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Sporty and I have been living a debt-free lifestyle for somewhere in the region of eight years now.
Prior to that we lived pay cheque to pay cheque. As fast as the money came in, it went back out again.
We had bills to pay and more stuff to buy. Priorities.
For most people, personal finance runs the gamut between tricky and downright hieroglyphical.
For Sporty it’s the former, for me it’s definitely the latter. I’m a words and pictures kind of person, numbers have never really done it for me.
Back in the day, being in control of your bucks amounted to stashing your cash under the mattress. Nowadays, it’s a little more complicated. You need to make sure your money does more than just sit there. And that’s when things get tricky.
You only have to look at these examples of trading to see just how complicated investing your money can be. They lost me even before they started putting brackets inside brackets.
The annoying thing is that this money stuff wouldn’t seem like such a bewildering and convoluted affair if we’d been taught the basics of personal finance in school.
TED Talks to Motivate and Inspire a Debt-Free Lifestyle
If we’d seen these TED talks a decade ago, our financial woes might not have been quite so woeful. My hope is that watching them will either save you from a similar fate or help you dig your way out of the mess you find yourself in.
[Watch] A Minimalist Approach to Personal Finance
Matt D’Avella —director of the award-winning Netflix documentary Minimalism— graduated college in 2010 with $97,000 in student loan debt and promptly went out and bought a brand new car.
As one does.
His advice? Avoid lifestyle creep, don’t buy into the myth of “I don’t have” and figure out your financial why.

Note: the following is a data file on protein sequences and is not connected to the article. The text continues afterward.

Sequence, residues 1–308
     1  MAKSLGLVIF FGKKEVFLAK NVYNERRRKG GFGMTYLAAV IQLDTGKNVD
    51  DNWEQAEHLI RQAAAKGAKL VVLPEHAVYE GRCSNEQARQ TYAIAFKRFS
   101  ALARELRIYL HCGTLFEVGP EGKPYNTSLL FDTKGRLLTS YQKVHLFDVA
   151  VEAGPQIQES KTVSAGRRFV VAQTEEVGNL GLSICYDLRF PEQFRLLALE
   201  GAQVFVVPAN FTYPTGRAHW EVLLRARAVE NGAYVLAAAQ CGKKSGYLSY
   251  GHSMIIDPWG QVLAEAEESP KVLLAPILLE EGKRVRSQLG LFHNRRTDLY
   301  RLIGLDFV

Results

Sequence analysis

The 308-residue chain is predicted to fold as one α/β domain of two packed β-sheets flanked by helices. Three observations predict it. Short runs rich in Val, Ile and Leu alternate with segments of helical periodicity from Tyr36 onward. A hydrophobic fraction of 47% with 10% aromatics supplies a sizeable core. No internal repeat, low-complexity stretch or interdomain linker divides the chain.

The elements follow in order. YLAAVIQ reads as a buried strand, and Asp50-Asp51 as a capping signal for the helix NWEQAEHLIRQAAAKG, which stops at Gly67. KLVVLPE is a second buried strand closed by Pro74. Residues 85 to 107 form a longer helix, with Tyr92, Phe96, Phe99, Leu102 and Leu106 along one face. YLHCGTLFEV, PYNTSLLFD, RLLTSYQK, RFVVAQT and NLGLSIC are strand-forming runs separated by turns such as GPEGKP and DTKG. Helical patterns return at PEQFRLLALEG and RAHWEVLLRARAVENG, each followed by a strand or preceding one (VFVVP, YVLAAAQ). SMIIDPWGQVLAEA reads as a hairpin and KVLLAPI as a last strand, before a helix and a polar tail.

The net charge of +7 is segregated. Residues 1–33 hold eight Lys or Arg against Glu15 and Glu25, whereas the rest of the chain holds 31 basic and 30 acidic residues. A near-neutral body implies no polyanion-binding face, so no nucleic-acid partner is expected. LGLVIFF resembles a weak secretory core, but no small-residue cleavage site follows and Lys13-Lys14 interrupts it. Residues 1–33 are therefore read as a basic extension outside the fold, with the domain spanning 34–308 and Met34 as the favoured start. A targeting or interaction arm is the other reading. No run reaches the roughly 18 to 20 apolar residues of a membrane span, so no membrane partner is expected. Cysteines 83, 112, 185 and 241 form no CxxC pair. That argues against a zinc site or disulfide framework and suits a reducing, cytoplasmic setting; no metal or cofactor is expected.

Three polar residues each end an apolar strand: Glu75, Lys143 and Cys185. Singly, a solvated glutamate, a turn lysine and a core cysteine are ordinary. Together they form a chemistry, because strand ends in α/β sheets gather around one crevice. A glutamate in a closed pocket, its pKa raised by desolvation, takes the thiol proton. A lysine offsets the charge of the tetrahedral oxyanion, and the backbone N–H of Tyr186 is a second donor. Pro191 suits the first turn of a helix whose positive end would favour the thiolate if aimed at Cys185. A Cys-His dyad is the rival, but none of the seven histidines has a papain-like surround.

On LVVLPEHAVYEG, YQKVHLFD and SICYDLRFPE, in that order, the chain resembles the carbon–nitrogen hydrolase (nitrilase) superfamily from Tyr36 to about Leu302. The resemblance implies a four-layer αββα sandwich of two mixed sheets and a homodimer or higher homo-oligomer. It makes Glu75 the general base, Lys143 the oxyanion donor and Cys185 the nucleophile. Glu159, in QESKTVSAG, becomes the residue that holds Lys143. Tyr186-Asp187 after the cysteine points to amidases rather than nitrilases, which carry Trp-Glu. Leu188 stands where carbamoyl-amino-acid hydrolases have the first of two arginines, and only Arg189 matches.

Books Matt Recommends:
[Watch] Let’s Get Honest About Our Money Problems
A Certified Money Coach and author of Money Detox, Tammy Lally says that struggling to budget and manage finances is common. Unfortunately, talking honestly and openly about it isn’t.
Her advice? Break free of “money shame” and stop equating your bank account with your self-worth.
[Watch] An Honest Look at the Personal Finance Crisis
A lot of Baby Boomers are having a tough time financially. They don’t have enough savings and they’re struggling to find work. Elizabeth White is one of them. Her story serves as a powerful motivator for staying out of debt.
Her advice? Cut back, small up, think strategy not failure, get off your throne and find the bridge work to get you through the lean times.
If you’re in your fifties and sixties and haven’t saved enough to retire, Elizabeth’s book Fifty-Five Unemployed and Faking Normal will help you navigate the emotional aspects of where you’ve landed.
Containing over 100 online resources, it’ll also help you figure out what steps you can take to steady yourself enough to go another round.
[Watch] One Life-Changing Class You Never Took
The founder and CEO of LearnVest, Alexa von Tobel is on a mission to bring financial literacy to women. If you’re about to graduate college this talk is a must watch. However, no matter what age (or gender) you are, you’ll find it useful.
Her advice? Follow a budget, negotiate your salary, have an emergency savings account, be debt-free and save for retirement now.
Alexa has written two books on the subject: Financially Forward: How to Optimize Your Digital Wallet and Financially Fearless: The LearnVest Program for Taking Control of Your Money.